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Scope of The TCP/IP Guide
The first step to dealing with a
problem is recognizing that you have one. So, I have to come clean with
you, my reader. I have a problem: an addiction to
Every time I set out to write about a particular protocol, technology
or concept, I start with a modest goal regarding how much I want to
write. I always begin knowing that I really need to control myself,
to prevent my project from going on forever. But as I explore each subject,
I learn more and more, and I start to say to myself things like
is important, I simply must include coverage for it
if I am going to cover subject #1, I also should cover
subject #2, because they are related. This is how
I turned a six-month project into a multi-year ordeal.
However, even though self-control
in this area is a weakness for me, even I realized I could
not possibly cover everything related to TCP/IP in this
Guide. Consider that the TCP/IP suite contains dozens of protocols and
technologies that have each had thick books written about them. I was
willing to spend years on this project but not decades. J
Thus, I had to limit the scope of this Guide somewhat, both to preserve
what remains of my sanity and to spare you from having to wade through
a ridiculously large document.
Here are a few different points that
will help explain decisions that I made to limit the scope of The TCP/IP
- Theory versus Practice: This is primarily
a reference resource on the TCP/IP protocol suite. The material
here is designed to allow a student to learn the nuts and bolts of how
TCP/IP works. I do discuss quite a number of real-world
practical issues related to how TCP/IP internetworks operate, but this
is not my primary focus here. If you want to really understand what
TCP/IP is and what makes it work, youve come to the right place.
If all you want is simple instructions on how to connect a few PCs together
in your home using TCP/IP, this probably isnt the Guide for you.
- Current versus Future Protocols: Most
of the emphasis in this Guide is on the present state of the art in
TCP/IP. The suite is always changing, and there are constantly new protocols
being written and revisions to existing protocols being published. I
have not provided extensive coverage of technologies still in development,
to try to keep the size of the Guide manageable, and to reduce the number
of changes I will have to make to keep the material up-to-date.
The one exception to this general rule of thumb is version 6 of the
Internet Protocol. IPv6 represents a significant change to the core
of how most of TCP/IP operates. While not universally deployed yet,
IPv6 is sufficiently far along in its development that I feel any student
of TCP/IP needs to know what it is and how it works, and understand
its significance. Thus, I have included a detailed
section describing it, and also mentioned
how it impacts the operation of several other key protocols such as
- Application Coverage: There are many thousands
of different applications that run on TCP/IP internetworks, and I could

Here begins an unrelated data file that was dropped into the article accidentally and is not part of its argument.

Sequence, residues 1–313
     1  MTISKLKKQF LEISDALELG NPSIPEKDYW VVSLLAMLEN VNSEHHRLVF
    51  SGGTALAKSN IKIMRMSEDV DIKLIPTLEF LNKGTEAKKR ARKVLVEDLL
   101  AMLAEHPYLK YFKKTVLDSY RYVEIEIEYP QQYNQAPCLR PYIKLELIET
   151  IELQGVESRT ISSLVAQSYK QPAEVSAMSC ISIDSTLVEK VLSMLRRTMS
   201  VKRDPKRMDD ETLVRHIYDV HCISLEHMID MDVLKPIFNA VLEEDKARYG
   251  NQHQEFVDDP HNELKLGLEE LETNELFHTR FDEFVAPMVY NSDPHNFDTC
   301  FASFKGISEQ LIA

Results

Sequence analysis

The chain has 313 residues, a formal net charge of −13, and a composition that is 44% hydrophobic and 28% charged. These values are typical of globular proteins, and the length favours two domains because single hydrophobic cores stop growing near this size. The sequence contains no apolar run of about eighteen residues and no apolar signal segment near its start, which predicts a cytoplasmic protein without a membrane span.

not possibly hope to describe all of them. The scope of this Guide is
limited to the most important, classical
TCP/IP applications and application protocols,
such as electronic mail, general file transfer and the World Wide Web.
- TCP/IP versus The Internet: The TCP/IP
protocol suite and the Internet are very closely related in many ways,
as you will discover as you read this Guide. In fact, they are often
tied together so much that it is hard to discuss one without the other.
However, the Internet as a whole is an enormous subject, and trying
to describe it in general terms would have substantially increased the
size of this Guide. Thus, I describe Internet issues only within the
context of explanations of TCP/IP technologies.
For example, while I cover the World
Wide Web in this Guide, I discuss its
generalities only briefly. I focus my technical discussions on how the
Transfer Protocol (HTTP) that implements
it works. I dont talk all about how to set up a Web site, or how
to choose a Web browser, or any of those sorts of details. These are
covered in a dazzling array of different books, papers and of course,
Web sites. J
- Limited TCP/IP Security Coverage: Security
is a very important and very large topic, especially in modern networking.
This Guide does include a fairly detailed section on the operation of
Security protocols (IPSec), and also touches
upon security issues in describing several other protocols and technologies.
However, it is not specifically geared towards detailed discussions
of security considerations. It is possible that in the future I will
add more security-related information, but for now, if your primary
interest is TCP/IP security matters, you will want to supplement this
Guide with other materials.
- Small Computer Orientation: In general
terms, TCP/IP technologies can be used to connect together any types
of devices that have the appropriate hardware and software. There are
some issues, however, where explanations require me to focus on how
specific types of underlying networks and devices work; this is especially
true of some of my diagrams. In these cases, my preference has generally
been to show how TCP/IP is used to connect together typical small computers
such as PCs, Macintoshes and UNIX workstations, which are what most
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The TCP/IP Guide (http://www.TCPIPGuide.com)
Version 3.0 - Version Date: September 20, 2005
© Copyright 2001-2005 Charles M. Kozierok. All Rights Reserved.
Not responsible for any loss resulting from the use of this site.